Caribbean Fruits
and Vegetables Part 2

Christophine - Nutmeg

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Caribbean Fruits & Vegetables
How to Use Them

Christophene: A gourd imported from Mexico, christophene is eaten raw or cooked, typically to accompany a main dish. It is very watery.

Cocoa: Responsible for the dread addiction among those known as "chocoholics." Originally grown by Indians in South and Central America, the 10-inch pods turn from green to reddish brown when ripe. The pods have to be broken open and the cocoa beans extracted and dried. When not sprinkled with sugar, the beans taste surprisingly bitter.     

Coconut Palm: Used to supply drinking water (chop off the top of a green coconut nut with a machete and enjoy the 'milk,' actually a sweet water). Dried coconut is of course used in cooking and in making soap. Coconut oil is sometimes called tropical oil or palm oil on food packages.

Custard or Sugar Apple: The deliciously sweet fruit is a lumpy reddish brown, almost the shape of a blunt-ended pinecone.   

Dasheen: The underground roots are loaded with starch, like potatoes. They must be cooked/boiled to remove a bitter taste.

Ginger: From Southeast Asia, the root is ground and used in flavoring, particularly cakes, syrup and drinks. A teaspoon of ginger (mix it with some liquid) helps prevent/reduce motion sickness and it won't make you sleepy like some commercial seasick remedies.

Grapefruit: A popular juice or eaten in half at breakfast, today's grapefruit appears to be a hybrid between the orange and something called a shaddock, a fruit brought into the Caribbean from the South Pacific by a sailing captain named Shaddock. No one liked the shaddocks because they were too bitter. However, they grew so well they spread throughout the islands. Somehow, probably through creating a hybrid, the fruit became a lot sweeter. Grapefruits with lumpy skins tend to be quite sour and may be part of the original shaddock strain.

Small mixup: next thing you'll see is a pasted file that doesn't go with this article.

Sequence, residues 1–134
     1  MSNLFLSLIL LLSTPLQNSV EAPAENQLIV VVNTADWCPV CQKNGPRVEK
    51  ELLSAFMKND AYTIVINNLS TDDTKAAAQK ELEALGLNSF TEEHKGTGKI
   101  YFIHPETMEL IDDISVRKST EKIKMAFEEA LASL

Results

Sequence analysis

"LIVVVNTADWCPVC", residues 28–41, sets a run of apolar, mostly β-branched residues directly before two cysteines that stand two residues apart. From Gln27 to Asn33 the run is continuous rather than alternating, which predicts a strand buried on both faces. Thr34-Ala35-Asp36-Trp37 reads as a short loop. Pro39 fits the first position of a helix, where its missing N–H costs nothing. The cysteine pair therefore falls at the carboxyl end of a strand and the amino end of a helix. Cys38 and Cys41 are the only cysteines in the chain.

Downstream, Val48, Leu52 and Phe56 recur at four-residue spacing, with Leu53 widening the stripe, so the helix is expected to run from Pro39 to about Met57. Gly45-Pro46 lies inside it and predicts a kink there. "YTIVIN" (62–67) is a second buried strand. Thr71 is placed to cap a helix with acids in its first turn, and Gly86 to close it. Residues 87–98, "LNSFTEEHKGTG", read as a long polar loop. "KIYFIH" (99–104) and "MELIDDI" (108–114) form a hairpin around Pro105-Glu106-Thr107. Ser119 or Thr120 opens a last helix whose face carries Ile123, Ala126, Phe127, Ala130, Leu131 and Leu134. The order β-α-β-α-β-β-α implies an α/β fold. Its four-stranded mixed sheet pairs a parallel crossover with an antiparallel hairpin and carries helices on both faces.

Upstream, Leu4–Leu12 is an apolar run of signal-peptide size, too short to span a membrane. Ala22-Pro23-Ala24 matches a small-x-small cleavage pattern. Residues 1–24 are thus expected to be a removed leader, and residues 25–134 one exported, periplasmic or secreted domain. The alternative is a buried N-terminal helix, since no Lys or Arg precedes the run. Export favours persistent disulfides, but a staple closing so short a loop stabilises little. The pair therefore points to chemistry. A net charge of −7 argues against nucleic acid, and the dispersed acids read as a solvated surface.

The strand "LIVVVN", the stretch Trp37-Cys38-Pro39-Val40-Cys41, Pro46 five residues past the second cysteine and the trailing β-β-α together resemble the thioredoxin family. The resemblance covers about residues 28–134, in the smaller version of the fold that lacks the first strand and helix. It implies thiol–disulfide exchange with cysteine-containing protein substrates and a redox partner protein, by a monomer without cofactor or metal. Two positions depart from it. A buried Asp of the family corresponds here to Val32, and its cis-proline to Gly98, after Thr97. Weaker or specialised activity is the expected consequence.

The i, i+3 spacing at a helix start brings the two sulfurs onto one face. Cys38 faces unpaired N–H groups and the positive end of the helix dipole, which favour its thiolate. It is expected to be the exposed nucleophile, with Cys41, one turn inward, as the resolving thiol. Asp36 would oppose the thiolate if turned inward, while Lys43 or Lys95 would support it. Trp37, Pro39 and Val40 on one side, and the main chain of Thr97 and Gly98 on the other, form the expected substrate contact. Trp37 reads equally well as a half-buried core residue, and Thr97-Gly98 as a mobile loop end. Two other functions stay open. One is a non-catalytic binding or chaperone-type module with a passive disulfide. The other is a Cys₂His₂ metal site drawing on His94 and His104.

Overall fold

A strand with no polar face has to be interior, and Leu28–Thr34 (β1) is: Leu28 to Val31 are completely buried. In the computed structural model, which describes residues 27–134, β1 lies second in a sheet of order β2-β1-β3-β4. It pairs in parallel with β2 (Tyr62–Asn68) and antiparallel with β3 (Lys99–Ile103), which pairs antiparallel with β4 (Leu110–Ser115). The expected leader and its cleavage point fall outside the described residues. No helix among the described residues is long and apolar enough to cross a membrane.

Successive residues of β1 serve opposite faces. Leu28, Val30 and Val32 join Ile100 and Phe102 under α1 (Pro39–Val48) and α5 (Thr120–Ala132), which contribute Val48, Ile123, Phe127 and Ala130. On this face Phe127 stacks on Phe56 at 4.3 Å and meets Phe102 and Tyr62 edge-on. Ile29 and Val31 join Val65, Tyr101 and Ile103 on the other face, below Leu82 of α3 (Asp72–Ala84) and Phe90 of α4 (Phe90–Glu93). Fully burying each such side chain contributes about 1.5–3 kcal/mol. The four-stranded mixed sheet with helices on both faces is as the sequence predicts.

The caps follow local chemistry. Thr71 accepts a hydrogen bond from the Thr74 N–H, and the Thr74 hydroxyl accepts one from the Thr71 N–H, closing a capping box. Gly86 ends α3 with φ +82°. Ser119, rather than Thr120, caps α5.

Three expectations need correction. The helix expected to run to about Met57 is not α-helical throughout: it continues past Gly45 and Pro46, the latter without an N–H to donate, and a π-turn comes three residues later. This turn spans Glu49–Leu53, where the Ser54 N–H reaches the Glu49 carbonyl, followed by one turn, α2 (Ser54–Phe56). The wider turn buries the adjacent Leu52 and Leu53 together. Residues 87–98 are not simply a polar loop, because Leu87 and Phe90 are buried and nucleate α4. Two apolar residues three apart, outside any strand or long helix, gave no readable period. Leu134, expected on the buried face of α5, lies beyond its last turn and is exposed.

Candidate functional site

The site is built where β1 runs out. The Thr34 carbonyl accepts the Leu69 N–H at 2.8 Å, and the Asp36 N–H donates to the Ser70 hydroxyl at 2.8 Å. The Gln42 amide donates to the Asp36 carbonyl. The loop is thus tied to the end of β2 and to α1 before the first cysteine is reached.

Guava: Apparently brought to the Caribbean by the Arawaks, the tree grows to more than 20 feet. The pear-shaped fruit is only about 2 inches long. Eaten raw or to make jellies, a tea from the tree bark is said to help bouts of diarrhea.

Jackfruit: Related to the breadfruit and somewhat resembling it, except the jackfruit grows close to the tree on short stalks. A member of the fig family, jackfruit also grows big--as much as 40 pounds. Its many seeds can be eaten raw or roasted like chestnuts.

Mammee Apple: The rough, oval brown fruit grows on an evergreen that's believed native to the region. The small fruit are eaten raw (peeled first), stewed or made into jams and preserves.

Mango: One of the most common and favorite fruits throughout the Caribbean . The kidney-shaped fruit (pink or yellow when ripe) grows on tall trees that reach roof-top high. Usually eaten raw, it's also made into mango pie, mango ice cream and mango mousse.

Naseberry or Sapodilla: This oval fruit with a reddish-brown skin has a sweet-tasting pulp used for custards and ice cream. The tree sap produces chicle gum, used in making chewing gum.

Nutmeg: The principal export of Grenada, the tree grows to a massive 40 feet. The flowers produce a fruit looking much like a peach with a nut inside. The skin of the nut provides mace; the nut itself is the nutmeg. Nutmeg is either ground into powder or crushed into oil. It is sometimes used in small amounts as a medicine, said to help prevent strokes. However, taken in large quantities, too much nutmeg is said to be poisonous.

To: Caribbean Fruits & Vegetables Part 3 Okra to Yams

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